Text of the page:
Dawn - Sometimes An Ultrarunner

Dawn - Sometimes An Ultrarunner

September 30, 2012

Fastpacking: The Nidderdale Way

Alternatively Titled: The Misadventures of my First Solo Backpacking Attempt! 

For many months I have wanted to get out by myself.  Love it, hate it, don't know until I try it.  The 53-mile Nidderdale Way was an obvious choice for a short weekend round.   The best part?  I could walk out my front door and be down at the trail in minutes.   Oddly enough I hadn't been on any of the trail yet, aside from a few short miles.

Friday afternoon saw me walking down the sidewalk and waving goodbye to Rob.  It was mild, I was in no hurry (yet) and with a small tree-identification book in hand, I was feeling up leaves as I ambled down the trail.  Ripley Castle came and went, along with a lot of unremarkable scenery, remarkable in that it was all rather pleasant, even in a quick rainshower. 

Almost October and the days are short, the coming darkness saw me peering desperately for a spot to hide out for the night, just short of Brimham Rocks and the boggy moors that surround them.  Many likely-looking sleep spots were filled with cows, sheep, in sight of houses, or just plain soaking wet.   Finally, a good spot, hop a fence and set up my bivy bag.  The wind died, the (almost) full moon rose, and I had a wonderful evening cooking over my stove and laying down watching the stars. 

Just short of sleep and short of midnight, I hear a motor (strange for my location), and peek out of my bag to see a 4-wheeler driving slowly around the field with a flashlight waving around.   I hunkered down in my bivy bag, which luckily is the color of grass, and realize they were in the field next to mine.  No consolation if they see me, though...the first rule of wild camping:  tell no one where you are.   The lights disappear, only to turn around and come slowly back.  Eek!  The motor exits the field without discovering me, and I am left in peace for the night.  It's warm enough I brave the possible slugs and leave the top open on the bivy.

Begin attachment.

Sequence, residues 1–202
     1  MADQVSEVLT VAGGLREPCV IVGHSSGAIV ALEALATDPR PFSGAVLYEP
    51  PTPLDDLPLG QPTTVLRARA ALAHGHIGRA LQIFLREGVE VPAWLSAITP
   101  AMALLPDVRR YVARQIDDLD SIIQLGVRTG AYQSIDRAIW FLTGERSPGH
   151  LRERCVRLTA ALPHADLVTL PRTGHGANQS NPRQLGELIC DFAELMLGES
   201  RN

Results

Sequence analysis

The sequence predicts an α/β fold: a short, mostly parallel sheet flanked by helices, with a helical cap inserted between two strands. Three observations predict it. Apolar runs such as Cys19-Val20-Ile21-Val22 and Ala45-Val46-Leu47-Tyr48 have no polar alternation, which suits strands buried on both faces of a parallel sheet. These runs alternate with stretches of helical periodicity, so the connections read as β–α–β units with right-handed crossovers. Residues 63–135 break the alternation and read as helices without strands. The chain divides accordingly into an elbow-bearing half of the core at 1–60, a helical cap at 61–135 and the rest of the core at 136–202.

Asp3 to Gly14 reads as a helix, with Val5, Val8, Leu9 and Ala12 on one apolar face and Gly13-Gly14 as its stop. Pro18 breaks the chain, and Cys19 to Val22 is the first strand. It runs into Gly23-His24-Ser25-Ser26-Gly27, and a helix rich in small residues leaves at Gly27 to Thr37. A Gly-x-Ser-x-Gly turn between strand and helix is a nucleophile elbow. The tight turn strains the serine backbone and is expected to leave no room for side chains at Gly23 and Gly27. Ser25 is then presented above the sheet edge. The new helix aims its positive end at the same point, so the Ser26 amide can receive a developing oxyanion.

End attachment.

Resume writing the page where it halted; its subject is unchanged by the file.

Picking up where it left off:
I packed up quickly in the morning and around the bend found a concrete pad, which I shared with some mud and random animal bones for a sheltered cooking spot.  Breakfast was an epic fail.  My alcohol fuel was too cold to light, I guess, requiring that I swap to my good fuel.  Trying to pour it back into the bottle (from a holey cat food can stove) was almost pointless.  Once I had a good boil, I failed to stir up my rice (boil in a bag) pudding at all early enough, leaving crunchy bits of rice in the bottom and rendering it inedible.  Uh-oh, my food ration suddenly seemed a little short.  The bag of now-congealing rice pudding went back in the pack as dead weight.

Saturday was sunny, if quite windy, and never quite warm enough.  I stayed on the move, surprising at least 1000 pheasants from the path.  No, I'm not exaggerating, I think there were a few pheasant "farms" near the trail to help out with the population.  Mid day found me still battling a headwind and skirting the edge of Masham Moor, heading for the most northwest point over Scar House Reservoir Dam.  Along the way I crossed a completely dry creekbed, remarkable after the monsoonal rains we had earlier in the week.  I speculated that the water must have diverted into one of the many potholes (caves) in the area.  This would not be a good week to go spelunking.